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Found 18 results

  1. To my knowledge, in the cosmere we haven't encountered a religion that is true "in world". Most religions we have seen, such as Vorinism, Survivorism, or Shu-Korath, are focused on the attributes of a Shard or an individual, which we know to be human(oid)s with potentially lots of investiture. To that end, what exactly is the point of the religions in any of Brandon's books? They certainly provide hope, influence culture, and interact with magic systems in interesting ways. However, in my personal experience, the most powerful part of religion is that when you believe a religion to be true, it adds a sense of meaning and direction to your life. Kelsier, TLR, and the Shards don't have any evident (to us) authority to do such a thing, and yet their religions all offer some sort of greater meaning to life. If someone could prove to me that my religion was created by some sort of sudo-god, I would probably become rather distressed. I'm pretty sure Brandon has mentioned some sort of "Truth" going on in the background of the Cosmere that he doesn't want to elaborate very much on, but I think the closest we've gotten to this is Dalinar's struggle to understand Honor's death. Anyway, I guess I was wondering what other people's thoughts are on this topic. Does it bother you (that basically everyone in the cosmere believes in lies, and that Shards are willing to allow religions about themselves to be perpetuated)? Do you think you would be an atheist in the cosmere, given what you know about it and its religions?
  2. So I can't find it mentioned or talked about anywhere, but I'm about exactly here in an Oathbringer reread and Evi and Dalinar just got done talking about how Dalinar is changing (getting older). We know already Evi's religion has been described as kinda pagan, kinda vorin. Dalinar is talking about getting older and she says he's changing from one aspect to another. He asks her to clarify and she talks about how they worship"the One", all power is his power, the old magic is "an aspect of the One" (Cultivation/Nightwatcher) who grants some of his power, the Almighty is another aspect, there are many aspects to the One, and people can change between aspects at different times in their lives. Sounds like she (her culture) worships Adonalsium and/or the Shards and could even be the closest thing to a "one true religion" of the Cosmere. I've searched Arcanum, the Coppermind, and good ole Google but haven't found anything about this. Any info would be great Edit: I relistened cause it was 45 min in between hearing and being able to post. I definitely paraphrased and used a wrong word (aspect instead of Avatar), but the overall point is the same.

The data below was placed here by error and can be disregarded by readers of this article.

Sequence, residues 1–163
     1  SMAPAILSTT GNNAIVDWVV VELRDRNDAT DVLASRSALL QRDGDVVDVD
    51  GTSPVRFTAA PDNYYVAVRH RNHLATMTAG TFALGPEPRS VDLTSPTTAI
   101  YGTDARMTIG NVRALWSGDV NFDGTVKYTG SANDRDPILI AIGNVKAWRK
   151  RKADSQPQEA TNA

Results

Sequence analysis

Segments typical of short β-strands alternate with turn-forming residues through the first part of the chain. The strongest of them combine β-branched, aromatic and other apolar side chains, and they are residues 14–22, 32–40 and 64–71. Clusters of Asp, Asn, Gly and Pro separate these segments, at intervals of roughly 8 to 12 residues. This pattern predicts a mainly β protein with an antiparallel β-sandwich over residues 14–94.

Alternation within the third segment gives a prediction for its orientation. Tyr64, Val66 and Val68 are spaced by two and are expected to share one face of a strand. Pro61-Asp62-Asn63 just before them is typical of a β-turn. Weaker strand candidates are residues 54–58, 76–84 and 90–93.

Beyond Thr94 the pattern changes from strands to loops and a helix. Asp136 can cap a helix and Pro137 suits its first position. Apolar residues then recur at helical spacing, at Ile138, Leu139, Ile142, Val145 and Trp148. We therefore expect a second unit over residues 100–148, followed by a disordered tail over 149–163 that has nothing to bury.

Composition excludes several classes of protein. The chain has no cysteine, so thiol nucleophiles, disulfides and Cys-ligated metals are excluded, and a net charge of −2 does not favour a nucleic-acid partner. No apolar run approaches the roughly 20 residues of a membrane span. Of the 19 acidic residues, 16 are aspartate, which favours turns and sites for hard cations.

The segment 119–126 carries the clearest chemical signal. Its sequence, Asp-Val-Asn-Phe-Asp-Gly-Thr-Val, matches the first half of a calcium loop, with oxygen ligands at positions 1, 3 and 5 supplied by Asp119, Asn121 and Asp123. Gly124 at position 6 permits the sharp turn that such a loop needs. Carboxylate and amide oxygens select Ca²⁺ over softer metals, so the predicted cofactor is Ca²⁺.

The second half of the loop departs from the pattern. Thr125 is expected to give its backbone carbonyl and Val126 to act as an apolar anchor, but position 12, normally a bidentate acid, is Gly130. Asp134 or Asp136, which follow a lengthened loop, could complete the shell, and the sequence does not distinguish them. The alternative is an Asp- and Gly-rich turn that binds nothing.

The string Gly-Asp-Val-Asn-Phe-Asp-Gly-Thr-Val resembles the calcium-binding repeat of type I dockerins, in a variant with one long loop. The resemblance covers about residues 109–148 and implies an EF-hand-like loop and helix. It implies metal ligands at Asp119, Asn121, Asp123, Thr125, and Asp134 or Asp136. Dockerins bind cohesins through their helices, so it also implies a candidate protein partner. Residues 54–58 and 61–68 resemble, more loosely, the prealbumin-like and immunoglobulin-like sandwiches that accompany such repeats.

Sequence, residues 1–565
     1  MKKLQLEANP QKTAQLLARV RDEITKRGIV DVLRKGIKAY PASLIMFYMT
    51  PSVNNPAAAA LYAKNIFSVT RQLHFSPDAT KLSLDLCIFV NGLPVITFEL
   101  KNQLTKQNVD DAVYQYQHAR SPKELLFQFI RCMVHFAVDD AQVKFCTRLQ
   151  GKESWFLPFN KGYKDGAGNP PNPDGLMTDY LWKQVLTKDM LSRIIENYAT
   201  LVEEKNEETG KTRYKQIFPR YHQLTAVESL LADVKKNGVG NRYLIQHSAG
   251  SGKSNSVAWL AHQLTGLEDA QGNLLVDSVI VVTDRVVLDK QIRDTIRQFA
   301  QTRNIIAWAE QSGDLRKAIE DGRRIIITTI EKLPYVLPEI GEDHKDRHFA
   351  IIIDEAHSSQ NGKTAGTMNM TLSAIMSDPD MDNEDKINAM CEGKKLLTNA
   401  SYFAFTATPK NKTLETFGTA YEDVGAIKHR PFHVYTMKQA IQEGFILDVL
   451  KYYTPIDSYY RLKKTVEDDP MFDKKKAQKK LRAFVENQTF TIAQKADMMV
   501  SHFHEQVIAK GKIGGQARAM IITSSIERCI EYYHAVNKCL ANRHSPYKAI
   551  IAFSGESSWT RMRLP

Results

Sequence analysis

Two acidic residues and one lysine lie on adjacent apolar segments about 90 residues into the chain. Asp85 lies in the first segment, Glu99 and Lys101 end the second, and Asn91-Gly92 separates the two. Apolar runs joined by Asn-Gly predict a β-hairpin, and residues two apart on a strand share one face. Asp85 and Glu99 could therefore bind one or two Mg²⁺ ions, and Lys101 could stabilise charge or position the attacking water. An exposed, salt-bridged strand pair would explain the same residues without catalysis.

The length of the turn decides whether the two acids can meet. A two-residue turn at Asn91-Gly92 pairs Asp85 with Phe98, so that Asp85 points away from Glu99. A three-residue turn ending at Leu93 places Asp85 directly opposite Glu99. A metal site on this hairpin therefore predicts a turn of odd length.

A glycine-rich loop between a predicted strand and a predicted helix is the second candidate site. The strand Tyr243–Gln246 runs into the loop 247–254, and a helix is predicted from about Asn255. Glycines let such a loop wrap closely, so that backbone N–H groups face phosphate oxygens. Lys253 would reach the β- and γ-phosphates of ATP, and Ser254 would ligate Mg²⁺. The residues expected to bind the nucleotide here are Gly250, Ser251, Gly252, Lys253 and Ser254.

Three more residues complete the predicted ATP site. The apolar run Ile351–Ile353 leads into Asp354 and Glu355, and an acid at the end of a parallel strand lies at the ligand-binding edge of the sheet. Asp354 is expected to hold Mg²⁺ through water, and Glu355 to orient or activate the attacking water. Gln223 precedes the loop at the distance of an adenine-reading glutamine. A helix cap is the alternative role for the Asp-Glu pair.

3. This may well qualify as a 'no duh!' type of a question, but I was just wondering if we have any information on precisely how the Shards relate to the various religions of the Shardworlds? I mean, obviously a few of them are pretty much unambiguously just the Shards by different names, like Jaddeth for Dominion, Domi for Devotion, Austre for Endowment, and of course 'Almighty' for Honor. But what about all the other ones? In Hero of Ages it's implied that most of the Scadrian religions contain common elements related to Ruin and Preservation, so there seems to at least have been influence by the Shards if not actual deification (by the humans at least), but it's a little difficult to tell whether this was deliberate influence on the Shards' part or whether it just sort of happened. Do we have any information relating to this issue?